A startup residential brokerage says it is taking its industry-rattling vision an hour north.
Denver-based Trelora – which charges home buyers and sellers a flat fee in an effort to undercut the traditional 6 percent spent on commissions – will expand outside the metro Denver area for the first time with a new office in Fort Collins, the company said this week.
“They’ve asked us to come, so we’re coming,” Trelora founder and CEO Joshua Hunt said.
Trelora said it is planning to lease 3,000 square feet in Fort Collins after many of its customers expressed interest in the city’s properties. The company wouldn’t say if it has signed a lease or what part of town it is looking at.
Hunt said the company, which began operating in 2012, is expanding gradually to make sure each new office can be profitable on its own.
“I don’t want the success of Denver holding up the losses of another major city,” Hunt said. “That’s not our growth plan. We’re not in a rush to expand to other cities.”
Trelora recently expanded its Denver office at 2401 15th St. (near the REI), adding another 4,500 square feet to a space that now totals 9,500 square feet.
Trelora has been profitable on and off since its founding, Hunt said. But investments on hiring, new office space and website customizations sometimes put it back in the red.
In 2014, the company sold 464 homes, Hunt said. The firm currently has a total of 39 employees in its Denver office, 10 of whom have real estate licenses, Hunt said.
Trelora does not pay agents by commission based on home price. Instead, seller’s agents working with Trelora receive a flat fee of $2,100. Buyer’s agents are paid $3,000. Those rates are many thousands of dollars less than brokers generally fetch on home sales in Denver’s smoking hot housing market. For example, on a $400,000 home sale, the buyer’s agent and the seller’s agent would generally earn $12,000 each when a standard 3 percent commission applies to each side of a deal.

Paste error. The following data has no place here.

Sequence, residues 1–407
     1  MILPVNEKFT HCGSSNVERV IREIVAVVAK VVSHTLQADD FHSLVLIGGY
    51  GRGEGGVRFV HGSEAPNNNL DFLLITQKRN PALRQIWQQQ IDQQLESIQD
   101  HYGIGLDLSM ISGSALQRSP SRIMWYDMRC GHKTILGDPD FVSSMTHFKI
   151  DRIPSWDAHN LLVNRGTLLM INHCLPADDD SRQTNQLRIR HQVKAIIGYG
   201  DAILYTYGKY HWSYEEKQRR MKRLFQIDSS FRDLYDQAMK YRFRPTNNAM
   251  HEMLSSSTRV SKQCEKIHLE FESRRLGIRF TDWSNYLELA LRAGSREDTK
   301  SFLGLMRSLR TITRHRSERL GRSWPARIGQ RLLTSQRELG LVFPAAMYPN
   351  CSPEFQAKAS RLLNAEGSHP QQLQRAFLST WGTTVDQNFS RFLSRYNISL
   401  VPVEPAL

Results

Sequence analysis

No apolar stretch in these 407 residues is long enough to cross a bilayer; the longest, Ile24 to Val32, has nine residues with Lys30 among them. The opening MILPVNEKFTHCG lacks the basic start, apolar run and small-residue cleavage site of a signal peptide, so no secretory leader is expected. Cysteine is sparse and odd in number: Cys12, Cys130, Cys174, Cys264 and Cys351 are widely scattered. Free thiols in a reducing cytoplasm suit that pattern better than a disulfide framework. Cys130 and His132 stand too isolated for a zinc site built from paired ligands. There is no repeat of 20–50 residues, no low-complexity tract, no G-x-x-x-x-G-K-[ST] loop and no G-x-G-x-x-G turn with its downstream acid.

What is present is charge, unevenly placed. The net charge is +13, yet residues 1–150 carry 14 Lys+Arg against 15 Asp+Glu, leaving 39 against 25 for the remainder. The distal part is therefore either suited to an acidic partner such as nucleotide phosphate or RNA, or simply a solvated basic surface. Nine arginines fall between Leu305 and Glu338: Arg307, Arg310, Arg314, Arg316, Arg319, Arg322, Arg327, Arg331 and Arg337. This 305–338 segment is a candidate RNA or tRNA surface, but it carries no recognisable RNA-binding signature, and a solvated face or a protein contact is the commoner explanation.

Trelora has also raised eyebrows by letting customers compare commissions that have been offered on all properties in its searchable database. Additionally, they can view all emails between Trelora and other agents, title companies, mortgage companies, inspectors and appraisers.
In February, multiple-listing firm REcolorado threatened to fine Trelora or block its access to the service after its database launched and made commission info available to the public.
Trelora will likely face similar resistance as it expands to other cities, Hunt said, since it depends on real estate agents and services like REcolorado.
That isn’t stopping Trelora from developing its online platform, which will unveil new functions this fall.
“Over the next 18 months, consumers will have as much control in their real estate transactions as they do in their banking and travel transactions,” Hunt said.